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Catalogo Especializado de las Estampillas de Venezuela

By Prof. Juan Jose Valera. In Spanish, 345 pages (1974 edition), medium soft cover. Published by Filatelica Tematica L.T. (Colombia). 4th edition (1974). Second-hand only.

Reviewer: Nick Salter

nick@classiclatinamerica.com

APRL Locator: [G5280 .A1 V162c 1985]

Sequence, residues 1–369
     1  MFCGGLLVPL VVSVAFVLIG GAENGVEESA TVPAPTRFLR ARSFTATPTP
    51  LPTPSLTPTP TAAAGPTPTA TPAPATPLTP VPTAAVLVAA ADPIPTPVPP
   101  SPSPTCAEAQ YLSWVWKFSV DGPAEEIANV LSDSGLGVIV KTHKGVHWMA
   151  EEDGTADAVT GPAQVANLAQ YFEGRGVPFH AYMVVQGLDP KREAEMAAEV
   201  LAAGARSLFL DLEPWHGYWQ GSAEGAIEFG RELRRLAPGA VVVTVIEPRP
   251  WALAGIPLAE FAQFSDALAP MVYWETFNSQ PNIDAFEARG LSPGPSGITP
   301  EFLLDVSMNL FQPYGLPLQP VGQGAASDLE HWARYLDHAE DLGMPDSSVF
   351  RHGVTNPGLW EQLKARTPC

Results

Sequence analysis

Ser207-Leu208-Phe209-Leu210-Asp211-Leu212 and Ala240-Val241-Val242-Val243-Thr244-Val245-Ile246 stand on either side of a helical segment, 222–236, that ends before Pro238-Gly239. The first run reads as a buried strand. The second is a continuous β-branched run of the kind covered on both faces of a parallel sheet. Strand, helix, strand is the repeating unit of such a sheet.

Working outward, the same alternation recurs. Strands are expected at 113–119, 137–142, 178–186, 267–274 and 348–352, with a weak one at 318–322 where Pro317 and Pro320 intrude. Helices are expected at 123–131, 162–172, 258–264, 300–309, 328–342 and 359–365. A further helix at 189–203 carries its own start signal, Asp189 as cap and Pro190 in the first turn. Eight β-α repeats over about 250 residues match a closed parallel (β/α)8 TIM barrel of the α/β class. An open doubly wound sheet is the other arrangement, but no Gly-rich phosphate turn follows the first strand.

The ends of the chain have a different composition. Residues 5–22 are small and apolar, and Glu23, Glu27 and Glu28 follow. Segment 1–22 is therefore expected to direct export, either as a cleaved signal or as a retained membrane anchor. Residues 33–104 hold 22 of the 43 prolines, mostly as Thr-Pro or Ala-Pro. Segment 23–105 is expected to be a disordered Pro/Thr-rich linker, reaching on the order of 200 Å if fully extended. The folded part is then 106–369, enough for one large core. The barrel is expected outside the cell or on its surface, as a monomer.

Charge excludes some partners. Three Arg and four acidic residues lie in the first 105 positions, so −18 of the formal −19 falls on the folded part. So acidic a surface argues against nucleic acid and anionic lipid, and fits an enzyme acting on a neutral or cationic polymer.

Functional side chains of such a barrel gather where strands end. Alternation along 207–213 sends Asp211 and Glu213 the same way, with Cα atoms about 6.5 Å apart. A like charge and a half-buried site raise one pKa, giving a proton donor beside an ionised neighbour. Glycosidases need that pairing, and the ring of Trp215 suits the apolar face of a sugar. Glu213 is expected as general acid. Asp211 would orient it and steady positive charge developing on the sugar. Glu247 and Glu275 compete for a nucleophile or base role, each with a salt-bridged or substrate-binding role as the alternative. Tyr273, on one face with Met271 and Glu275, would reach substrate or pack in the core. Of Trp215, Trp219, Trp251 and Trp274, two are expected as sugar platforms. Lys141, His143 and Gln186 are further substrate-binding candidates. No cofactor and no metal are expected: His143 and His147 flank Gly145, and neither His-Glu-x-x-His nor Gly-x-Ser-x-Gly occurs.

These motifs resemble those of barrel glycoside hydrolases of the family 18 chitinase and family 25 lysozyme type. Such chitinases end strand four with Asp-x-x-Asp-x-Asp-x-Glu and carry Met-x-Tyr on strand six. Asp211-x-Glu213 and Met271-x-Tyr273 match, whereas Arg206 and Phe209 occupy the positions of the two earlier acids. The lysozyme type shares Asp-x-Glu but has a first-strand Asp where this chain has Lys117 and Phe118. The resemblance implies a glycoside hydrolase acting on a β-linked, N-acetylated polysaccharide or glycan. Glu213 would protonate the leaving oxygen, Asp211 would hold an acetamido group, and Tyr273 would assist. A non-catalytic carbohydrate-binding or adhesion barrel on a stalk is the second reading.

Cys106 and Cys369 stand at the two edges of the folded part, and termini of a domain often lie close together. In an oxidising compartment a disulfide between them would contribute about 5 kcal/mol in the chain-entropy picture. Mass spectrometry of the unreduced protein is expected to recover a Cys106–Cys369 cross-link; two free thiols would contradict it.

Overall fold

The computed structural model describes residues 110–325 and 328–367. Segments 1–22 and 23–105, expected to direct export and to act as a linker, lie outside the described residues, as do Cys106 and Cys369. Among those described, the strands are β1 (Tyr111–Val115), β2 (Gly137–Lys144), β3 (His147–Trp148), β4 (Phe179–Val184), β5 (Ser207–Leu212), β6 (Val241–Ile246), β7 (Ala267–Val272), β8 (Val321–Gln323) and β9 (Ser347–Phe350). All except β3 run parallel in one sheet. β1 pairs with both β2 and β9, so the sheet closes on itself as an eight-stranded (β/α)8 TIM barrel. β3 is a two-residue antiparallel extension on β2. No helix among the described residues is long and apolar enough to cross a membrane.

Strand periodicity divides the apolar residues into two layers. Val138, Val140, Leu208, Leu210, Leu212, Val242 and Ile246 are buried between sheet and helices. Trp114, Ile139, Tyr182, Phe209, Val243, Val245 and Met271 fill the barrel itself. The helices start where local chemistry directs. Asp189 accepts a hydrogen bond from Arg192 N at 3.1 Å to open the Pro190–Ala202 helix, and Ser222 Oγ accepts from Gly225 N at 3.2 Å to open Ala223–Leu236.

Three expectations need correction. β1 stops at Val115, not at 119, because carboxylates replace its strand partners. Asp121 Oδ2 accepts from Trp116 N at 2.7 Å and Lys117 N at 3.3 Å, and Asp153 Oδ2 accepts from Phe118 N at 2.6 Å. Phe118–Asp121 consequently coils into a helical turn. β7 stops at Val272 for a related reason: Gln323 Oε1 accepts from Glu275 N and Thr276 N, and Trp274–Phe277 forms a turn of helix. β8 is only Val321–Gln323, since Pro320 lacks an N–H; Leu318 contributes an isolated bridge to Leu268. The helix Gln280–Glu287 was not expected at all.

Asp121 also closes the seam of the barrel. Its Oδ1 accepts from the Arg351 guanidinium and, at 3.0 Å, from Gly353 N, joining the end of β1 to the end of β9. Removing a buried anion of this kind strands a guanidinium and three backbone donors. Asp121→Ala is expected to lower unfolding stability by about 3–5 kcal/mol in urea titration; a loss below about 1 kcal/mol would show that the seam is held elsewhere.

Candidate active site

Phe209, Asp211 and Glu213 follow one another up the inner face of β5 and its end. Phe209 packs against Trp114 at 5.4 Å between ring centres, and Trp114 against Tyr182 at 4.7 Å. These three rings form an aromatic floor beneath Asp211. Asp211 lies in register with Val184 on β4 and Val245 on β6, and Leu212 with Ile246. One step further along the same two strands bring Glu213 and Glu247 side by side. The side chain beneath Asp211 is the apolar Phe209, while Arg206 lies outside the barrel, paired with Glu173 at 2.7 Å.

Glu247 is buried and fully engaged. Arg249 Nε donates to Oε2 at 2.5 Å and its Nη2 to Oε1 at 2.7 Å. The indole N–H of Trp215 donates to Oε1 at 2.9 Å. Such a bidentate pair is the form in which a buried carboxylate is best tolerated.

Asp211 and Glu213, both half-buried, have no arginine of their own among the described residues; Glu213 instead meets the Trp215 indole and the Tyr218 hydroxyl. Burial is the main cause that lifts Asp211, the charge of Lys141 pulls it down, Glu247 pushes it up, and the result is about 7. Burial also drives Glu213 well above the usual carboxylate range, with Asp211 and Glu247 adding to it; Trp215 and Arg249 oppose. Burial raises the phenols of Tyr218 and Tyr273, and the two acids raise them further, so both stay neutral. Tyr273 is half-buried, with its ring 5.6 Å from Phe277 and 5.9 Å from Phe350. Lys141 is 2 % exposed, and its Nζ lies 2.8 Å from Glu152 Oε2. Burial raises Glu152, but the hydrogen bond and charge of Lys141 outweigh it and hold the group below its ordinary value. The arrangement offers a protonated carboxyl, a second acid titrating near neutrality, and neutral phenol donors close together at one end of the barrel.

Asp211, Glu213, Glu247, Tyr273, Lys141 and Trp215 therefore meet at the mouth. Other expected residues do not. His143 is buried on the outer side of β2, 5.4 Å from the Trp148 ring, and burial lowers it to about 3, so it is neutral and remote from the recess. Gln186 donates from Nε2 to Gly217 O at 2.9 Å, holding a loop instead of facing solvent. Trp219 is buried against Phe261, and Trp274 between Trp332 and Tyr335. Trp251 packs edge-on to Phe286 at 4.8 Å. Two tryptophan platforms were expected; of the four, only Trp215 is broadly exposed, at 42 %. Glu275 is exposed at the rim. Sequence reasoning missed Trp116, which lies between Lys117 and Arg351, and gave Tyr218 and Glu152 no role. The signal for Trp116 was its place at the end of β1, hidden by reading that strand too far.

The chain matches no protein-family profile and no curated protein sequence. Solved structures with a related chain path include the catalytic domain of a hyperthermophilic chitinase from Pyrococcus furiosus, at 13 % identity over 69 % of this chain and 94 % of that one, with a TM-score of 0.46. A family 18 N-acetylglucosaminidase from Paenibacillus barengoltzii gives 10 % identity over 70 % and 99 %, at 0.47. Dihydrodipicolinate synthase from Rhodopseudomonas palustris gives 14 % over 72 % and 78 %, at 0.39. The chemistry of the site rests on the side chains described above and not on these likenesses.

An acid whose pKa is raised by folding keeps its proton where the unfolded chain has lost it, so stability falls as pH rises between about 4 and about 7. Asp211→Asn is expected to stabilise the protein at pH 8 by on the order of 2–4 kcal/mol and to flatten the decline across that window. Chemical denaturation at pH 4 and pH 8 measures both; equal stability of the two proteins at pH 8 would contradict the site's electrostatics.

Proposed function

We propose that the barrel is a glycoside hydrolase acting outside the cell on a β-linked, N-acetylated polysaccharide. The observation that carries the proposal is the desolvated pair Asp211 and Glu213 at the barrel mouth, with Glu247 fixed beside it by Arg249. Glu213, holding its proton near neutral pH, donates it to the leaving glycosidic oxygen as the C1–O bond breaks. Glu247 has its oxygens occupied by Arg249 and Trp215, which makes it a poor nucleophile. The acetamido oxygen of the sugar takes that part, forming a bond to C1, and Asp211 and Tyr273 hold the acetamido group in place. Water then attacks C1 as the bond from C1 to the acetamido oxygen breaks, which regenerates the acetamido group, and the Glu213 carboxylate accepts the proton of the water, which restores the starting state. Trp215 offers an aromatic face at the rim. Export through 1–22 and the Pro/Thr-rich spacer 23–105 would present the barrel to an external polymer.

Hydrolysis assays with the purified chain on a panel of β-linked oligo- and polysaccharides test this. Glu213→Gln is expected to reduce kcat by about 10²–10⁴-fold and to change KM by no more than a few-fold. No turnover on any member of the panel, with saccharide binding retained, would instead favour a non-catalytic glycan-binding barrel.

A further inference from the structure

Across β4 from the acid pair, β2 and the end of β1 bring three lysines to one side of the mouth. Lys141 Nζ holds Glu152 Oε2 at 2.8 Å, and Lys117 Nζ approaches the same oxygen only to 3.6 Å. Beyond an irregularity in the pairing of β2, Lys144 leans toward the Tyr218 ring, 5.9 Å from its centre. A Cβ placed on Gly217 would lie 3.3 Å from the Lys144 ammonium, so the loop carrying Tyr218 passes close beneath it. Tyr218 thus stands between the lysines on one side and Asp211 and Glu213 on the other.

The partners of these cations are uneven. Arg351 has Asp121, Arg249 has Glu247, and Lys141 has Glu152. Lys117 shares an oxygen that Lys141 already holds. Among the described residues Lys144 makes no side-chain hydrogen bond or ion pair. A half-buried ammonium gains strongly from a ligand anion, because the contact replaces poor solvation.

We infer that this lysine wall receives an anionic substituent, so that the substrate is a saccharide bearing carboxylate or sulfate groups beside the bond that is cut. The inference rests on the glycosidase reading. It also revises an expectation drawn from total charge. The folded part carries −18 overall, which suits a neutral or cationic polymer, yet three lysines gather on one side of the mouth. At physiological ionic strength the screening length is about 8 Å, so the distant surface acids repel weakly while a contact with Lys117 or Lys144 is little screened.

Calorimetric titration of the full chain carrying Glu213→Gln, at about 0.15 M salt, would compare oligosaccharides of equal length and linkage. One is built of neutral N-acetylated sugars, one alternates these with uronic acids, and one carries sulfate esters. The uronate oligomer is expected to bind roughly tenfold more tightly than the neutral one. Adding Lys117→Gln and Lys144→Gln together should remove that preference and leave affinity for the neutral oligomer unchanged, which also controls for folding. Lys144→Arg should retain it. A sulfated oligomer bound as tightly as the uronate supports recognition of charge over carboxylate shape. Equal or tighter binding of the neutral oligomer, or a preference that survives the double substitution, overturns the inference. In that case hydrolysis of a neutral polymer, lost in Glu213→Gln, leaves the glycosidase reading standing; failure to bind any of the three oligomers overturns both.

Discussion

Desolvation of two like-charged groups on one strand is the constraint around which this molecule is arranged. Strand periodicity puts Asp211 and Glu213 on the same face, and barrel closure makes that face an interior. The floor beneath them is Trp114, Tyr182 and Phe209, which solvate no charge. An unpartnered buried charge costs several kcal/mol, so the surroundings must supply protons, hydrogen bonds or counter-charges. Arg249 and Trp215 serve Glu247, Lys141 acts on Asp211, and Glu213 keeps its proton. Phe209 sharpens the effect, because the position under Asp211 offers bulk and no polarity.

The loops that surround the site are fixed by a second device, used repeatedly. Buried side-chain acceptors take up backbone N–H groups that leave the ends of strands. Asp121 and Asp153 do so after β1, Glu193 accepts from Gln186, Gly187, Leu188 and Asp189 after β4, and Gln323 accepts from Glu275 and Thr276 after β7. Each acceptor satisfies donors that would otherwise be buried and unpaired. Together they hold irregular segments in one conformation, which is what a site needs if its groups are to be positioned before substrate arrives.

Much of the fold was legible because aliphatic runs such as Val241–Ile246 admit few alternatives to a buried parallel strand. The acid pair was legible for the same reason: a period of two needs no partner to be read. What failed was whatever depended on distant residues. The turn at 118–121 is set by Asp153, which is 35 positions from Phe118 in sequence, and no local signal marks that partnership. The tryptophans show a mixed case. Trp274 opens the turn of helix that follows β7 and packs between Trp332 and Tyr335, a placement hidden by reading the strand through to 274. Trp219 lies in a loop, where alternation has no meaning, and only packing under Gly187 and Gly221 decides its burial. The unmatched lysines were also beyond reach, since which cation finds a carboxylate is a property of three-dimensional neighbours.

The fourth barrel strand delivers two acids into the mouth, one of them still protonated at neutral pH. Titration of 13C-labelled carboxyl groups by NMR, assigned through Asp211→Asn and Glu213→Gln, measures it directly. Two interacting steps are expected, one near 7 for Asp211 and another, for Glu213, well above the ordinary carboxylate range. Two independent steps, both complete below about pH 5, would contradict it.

It’s not easy to get hold of, but the book you need is the specialized Venezuelan catalog compiled by Juan Jose Valera. It was first published in 1964 and was updated every few years until the final edition in 1982. My copy is the fourth edition from 1974. As would be expected, there is plenty of detail not encountered in the mainstream publications. Venezuela’s 1859-62 Coat of Arms issue, for example, has 24 varieties listed in the Scott Classic Specialized, against Valera’s altogether more comprehensive 71 entries. The 1871-6 Escuelas and subsequent postal fiscals have their own dedicated chapters, rather than being integrated into the body of the work. There is also a very useful section on the Venezuelan local posts, an area that is treated somewhat haphazardly in the major catalogs. Valera sold the rights to his catalog to Aurelio Blanco who last published his own specialized catalog in 2009 (and is somewhat easier to find). But my preference is for the older Valera editions. Look out for a brand new, digital Venezuelan catalog by Carlos Romero from ASOFILCA (the Caracas Philatelic Association), due to be published sometime in 2022. General Information about Latin America catalogs: Most of the twenty Latin American republics have produced specialized stamp catalogs at some stage. For the Central and South America collector that has relied on simplified listings, the specialized catalogs offer up a huge range of new possibilities, with a significant numbers of varieties to collect that have never made it into the mainstream publications. Before we look at each country individually, it is worth noting that both Scott and Stanley Gibbons have published “semi specialized” listings that cover all Latin American countries and go into a greater level of depth than is found in their simplified catalogs. Scott’s listings are incorporated into their Classic Specialized whereas Gibbons has separate volumes for both Central and South America. These were last published in 2007 and 2008 respectively, with no prospect of an update on the horizon. SG has sold through their existing stock so your only option is the second-hand market, unless the publisher decides to add them to their growing digital collection. Michel has a single volume dedicated to Central America (Mittelamerika 2019 is the latest edition) and a two volume catalog (Sudamerika 2020/2021) covering South America. One of the biggest benefits of a specialized catalog is that they usually contain information on print volumes per issue, an excellent indicator of comparative rarity (and thus price or value). A quick tip: the older Michel catalogs used to include print volumes in their listings and can be picked up second-hand for very little. My copy from 1988 contains print quantities although I’m not sure in which year they were dropped from the catalog. Finally, Yvert has two volumes dedicated to Central America (latest edition 2016/17) and a single volume dedicated to South America (published 2019). However, for the truly specialized listings, we need to look at the individual countries themselves. Availability Unlike the larger publishers that tend to have more frequent publication schedules, Latin American specialized catalogs are usually published very intermittently, often with long gaps between revisions or new editions coming to market. As such, many of these catalogs can no longer be purchased “off the shelf” and you will need to scour online marketplaces, auctions and specialist philatelic book dealers to secure a copy. Where a catalog is only available second hand, I have indicated the latest edition I am aware of, although earlier editions should certainly not be discounted as they will often contain most of the useful information you are after. Catalog values are usually in the local currency. Time and currency exchange rates will have played havoc with these numbers but, alongside print volumes, they still play an important part in helping you to understand which varieties have the higher levels of scarcity and to establish your own feeling for what a fair market value may be.

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